I do suspect that the inflatable coaming is not going to be competent to support a sprayskirt. If you capsize in that boat, even with a skirt on, you will simply fall out of it. It takes a bit of effort to stay inside a kayak upside down and something that wide and squishy is not going to give you anything solid to brace against to retain your seat.

You did say there were times when you “thought the kayak would roll.” I suggest you take it out in a warm shallow water area and TRY to capsize it. You may discover that despite how you feel in it, it is really not that unstable. Inflatables do tend to bob like a cork and flex to pop over waves and wakes rather than being flipped like a hardshell boat would be.

I note that the EVO has an inflatable seat. Often people with boats with such seats over-inflate them which makes their center of gravity too high. Try deflating it completely and see how the balance feels on the water. Then add a little air and check again. Try to find the minimum amount of air in the seat that is comfortable so your center of gravity is low in the boat. Other things that can help with performance and stability is to add ballast – half gallon or 2 liter plastic water bottles can be filled at the launch site – add one or two either in the bow or stern cavity and see what that does to stability. Sinking the hull a little deeper can help with that, especially if you are a lighter weight person.

There are two inflatable thwarts that fill out the bulkheads and give rigidity as well as two smaller inflatable bags at the very tips, but they the thwarts don’t form airtight seals. I suppose if I got out quickly and tried to upright the kayak the space beyond them would not be very flooded immediately.

You may be right, but it did feel like I was almost past the point of no return.

Good idea, though I do like the firmness of the seat (which is placed on top of an end-to-end stiffening rod).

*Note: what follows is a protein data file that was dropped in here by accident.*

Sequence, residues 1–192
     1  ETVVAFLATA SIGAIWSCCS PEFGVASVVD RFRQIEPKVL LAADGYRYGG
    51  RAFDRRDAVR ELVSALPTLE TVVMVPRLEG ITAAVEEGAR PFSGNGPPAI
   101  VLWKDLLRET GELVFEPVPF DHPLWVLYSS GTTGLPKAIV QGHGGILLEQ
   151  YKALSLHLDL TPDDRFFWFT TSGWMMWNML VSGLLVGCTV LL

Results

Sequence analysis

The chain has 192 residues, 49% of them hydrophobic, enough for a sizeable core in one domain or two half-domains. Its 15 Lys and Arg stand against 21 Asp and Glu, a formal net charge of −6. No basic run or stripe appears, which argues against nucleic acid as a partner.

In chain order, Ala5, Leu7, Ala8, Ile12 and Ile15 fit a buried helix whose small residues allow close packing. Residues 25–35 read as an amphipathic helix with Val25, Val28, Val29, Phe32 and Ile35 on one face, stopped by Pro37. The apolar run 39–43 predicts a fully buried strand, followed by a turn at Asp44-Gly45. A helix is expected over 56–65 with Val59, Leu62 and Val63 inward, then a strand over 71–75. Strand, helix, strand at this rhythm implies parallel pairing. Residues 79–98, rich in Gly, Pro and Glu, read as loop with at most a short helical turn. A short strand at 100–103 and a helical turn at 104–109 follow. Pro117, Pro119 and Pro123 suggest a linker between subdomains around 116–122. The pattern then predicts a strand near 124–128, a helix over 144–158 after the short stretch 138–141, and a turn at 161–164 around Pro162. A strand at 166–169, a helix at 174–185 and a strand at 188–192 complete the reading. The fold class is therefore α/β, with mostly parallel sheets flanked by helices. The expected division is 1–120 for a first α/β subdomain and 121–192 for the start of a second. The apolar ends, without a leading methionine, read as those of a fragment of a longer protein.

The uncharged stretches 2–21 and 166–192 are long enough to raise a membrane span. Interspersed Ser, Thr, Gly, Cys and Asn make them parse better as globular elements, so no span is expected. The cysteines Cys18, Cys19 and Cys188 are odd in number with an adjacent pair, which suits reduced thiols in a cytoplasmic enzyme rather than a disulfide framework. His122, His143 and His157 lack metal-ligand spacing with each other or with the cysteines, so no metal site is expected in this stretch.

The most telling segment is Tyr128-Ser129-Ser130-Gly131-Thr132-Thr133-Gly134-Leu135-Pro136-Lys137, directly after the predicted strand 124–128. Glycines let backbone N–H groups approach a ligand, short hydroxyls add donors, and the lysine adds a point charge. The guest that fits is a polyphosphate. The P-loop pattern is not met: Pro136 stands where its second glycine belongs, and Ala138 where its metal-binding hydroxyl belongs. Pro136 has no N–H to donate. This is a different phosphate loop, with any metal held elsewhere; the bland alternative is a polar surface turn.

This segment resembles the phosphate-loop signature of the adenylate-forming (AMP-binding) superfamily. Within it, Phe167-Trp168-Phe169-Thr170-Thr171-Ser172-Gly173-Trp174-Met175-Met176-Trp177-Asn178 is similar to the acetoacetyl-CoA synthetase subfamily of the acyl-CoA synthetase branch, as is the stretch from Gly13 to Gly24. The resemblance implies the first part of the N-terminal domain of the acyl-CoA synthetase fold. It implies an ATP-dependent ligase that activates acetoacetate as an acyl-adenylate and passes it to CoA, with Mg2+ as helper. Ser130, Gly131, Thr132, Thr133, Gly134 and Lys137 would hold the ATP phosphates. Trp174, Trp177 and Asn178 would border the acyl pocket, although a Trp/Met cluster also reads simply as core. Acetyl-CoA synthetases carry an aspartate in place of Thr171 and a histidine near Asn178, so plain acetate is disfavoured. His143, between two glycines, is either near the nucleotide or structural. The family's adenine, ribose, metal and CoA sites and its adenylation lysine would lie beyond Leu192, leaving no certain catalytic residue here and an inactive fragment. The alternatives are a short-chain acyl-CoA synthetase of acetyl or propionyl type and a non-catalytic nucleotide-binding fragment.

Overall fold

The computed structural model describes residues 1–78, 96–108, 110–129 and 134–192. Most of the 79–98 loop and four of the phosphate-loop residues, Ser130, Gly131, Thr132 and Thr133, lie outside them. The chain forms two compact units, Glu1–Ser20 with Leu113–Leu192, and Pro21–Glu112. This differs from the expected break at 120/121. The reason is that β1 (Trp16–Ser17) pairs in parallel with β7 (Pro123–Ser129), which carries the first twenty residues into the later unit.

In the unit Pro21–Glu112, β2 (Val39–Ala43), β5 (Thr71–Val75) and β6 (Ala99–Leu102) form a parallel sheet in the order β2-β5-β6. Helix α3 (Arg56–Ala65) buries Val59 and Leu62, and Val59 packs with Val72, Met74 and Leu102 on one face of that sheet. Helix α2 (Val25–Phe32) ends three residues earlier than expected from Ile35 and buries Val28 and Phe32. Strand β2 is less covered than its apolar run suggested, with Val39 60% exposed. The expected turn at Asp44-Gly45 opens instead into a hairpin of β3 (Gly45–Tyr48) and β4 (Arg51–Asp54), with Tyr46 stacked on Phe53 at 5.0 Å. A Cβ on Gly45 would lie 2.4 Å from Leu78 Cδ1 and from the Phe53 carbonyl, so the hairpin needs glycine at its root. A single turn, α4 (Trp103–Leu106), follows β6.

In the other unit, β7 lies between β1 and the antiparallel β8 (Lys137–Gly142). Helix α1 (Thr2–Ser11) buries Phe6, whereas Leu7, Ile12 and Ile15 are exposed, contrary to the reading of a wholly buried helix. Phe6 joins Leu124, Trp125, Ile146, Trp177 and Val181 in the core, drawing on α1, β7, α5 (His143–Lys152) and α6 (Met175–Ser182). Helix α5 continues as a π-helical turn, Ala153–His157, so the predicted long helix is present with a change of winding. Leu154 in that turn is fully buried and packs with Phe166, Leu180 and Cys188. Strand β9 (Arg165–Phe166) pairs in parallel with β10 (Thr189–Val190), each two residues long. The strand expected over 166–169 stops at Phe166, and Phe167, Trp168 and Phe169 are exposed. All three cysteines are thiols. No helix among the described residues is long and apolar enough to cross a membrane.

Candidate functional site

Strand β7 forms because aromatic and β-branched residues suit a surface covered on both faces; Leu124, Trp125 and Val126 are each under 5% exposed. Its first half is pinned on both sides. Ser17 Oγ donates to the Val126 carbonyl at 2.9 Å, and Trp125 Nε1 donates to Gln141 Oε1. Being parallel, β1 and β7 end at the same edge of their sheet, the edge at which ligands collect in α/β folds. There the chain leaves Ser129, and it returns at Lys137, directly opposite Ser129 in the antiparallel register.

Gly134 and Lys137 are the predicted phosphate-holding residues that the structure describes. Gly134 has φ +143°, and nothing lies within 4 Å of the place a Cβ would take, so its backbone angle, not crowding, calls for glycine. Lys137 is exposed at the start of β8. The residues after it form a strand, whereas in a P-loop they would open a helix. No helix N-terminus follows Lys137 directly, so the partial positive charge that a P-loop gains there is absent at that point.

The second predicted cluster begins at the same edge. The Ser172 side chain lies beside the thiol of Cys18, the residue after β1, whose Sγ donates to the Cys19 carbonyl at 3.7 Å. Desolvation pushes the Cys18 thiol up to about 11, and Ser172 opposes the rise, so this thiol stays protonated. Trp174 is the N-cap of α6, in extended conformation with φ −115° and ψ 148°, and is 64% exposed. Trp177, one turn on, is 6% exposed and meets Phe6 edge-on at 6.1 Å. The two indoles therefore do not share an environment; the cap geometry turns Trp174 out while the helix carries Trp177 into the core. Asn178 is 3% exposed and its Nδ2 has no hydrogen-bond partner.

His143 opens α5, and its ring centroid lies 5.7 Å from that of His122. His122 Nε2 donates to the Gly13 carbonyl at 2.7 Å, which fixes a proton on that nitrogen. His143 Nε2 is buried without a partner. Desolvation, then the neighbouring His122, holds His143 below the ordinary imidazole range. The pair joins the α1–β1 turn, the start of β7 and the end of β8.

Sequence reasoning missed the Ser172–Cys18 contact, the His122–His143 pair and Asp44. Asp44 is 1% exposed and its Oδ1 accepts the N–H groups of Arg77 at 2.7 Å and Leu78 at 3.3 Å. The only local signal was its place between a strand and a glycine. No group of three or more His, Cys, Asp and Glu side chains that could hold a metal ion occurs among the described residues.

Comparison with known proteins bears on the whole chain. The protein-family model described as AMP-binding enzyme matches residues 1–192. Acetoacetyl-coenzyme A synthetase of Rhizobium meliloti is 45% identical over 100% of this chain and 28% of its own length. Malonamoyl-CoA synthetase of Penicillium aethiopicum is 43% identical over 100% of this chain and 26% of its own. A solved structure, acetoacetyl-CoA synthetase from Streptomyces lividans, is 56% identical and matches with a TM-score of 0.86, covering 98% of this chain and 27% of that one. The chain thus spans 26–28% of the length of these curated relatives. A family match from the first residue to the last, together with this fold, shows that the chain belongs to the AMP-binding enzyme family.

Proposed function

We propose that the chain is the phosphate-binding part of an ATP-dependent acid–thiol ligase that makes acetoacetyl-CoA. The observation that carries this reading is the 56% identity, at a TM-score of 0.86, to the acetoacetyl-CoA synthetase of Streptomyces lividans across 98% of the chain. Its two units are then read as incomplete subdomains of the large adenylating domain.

What Willowleaf said about how to self rescue. Rolling is not the primary option for that boat. It does mean more time in the water, so dress for it.

As to the conditions you were on, regardless of how suitable the boat is for the conditions your best choice is to paddle more aggressively to meet the stuff. The fact is you were probably fine but don’t have enough time to have realized it. But most new paddlers get into alarming conditions then sit there with the paddle in the air while they figure out what to do. Wrong. Always keep paddling no matter what, lean forward a bit. Any moving boat is more stable than a boat at rest.

If you have ever walked a dog with distraction issues same thing. You just keep going ahead doing what you are doing. Ignore whatever the dog is watching, in this case the waves and boat wakes.

It is possible to have this boat in bigger stuff than it was designed to handle on the Great Lakes. General advice for people who ask here is this is turf for sea kayaks and yours is more of a rec boat. But your biggest issue at the moment is likely being a new paddler.

Interesting (on the inflatable thwarts.) As I said, I am really not that familiar with AE boats. And I think the EVO is fairly new – have not been in a store that had one set up. But sounds like there is not much volume for potential swamping so that’s a bonus.

The boats I feel most comfortable and relaxed in now are those that felt the most “unstable” when I first got them. So it isn’t unusual to have that sensation with a newer boat.

Yeah, that sounds like what I would probably do. I guess it’s that fear of capsizing due to a wrong move that makes you hesitate. I’ll remember your advice about constant (aggressive, I presume) movement in those conditions.

That’s it

If you (or others) are curious, this video shows it being assembled:

Looks like the few reviews for the EVO on are really positive - agree with them all (but I do remember what you said about first-time owners, @willowleaf).

Looks like a pretty decent inflatable. Not for big water but could be good fun in the right environment.

On the tippy feeling: as noted, keep you hips loose (Loose Hips Float Ships). This video gives some thoughts on that.

It looks like there are d-rings behind the cockpit. You will want to put some 3 - 4mm cord (not bungee) there to use as deck lines and, maybe, paddle support when attempting a paddle float re-entry.

A great helper in the video.

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Easy to remember

I run the lines from the skeg through those, but I guess I could use some cross deck cords as you suggest. Can you explain a bit more about what you mean by “paddle support when attempting a paddle float re-entry”?

here is a look:

Here is another style. Note grabbing the deck links: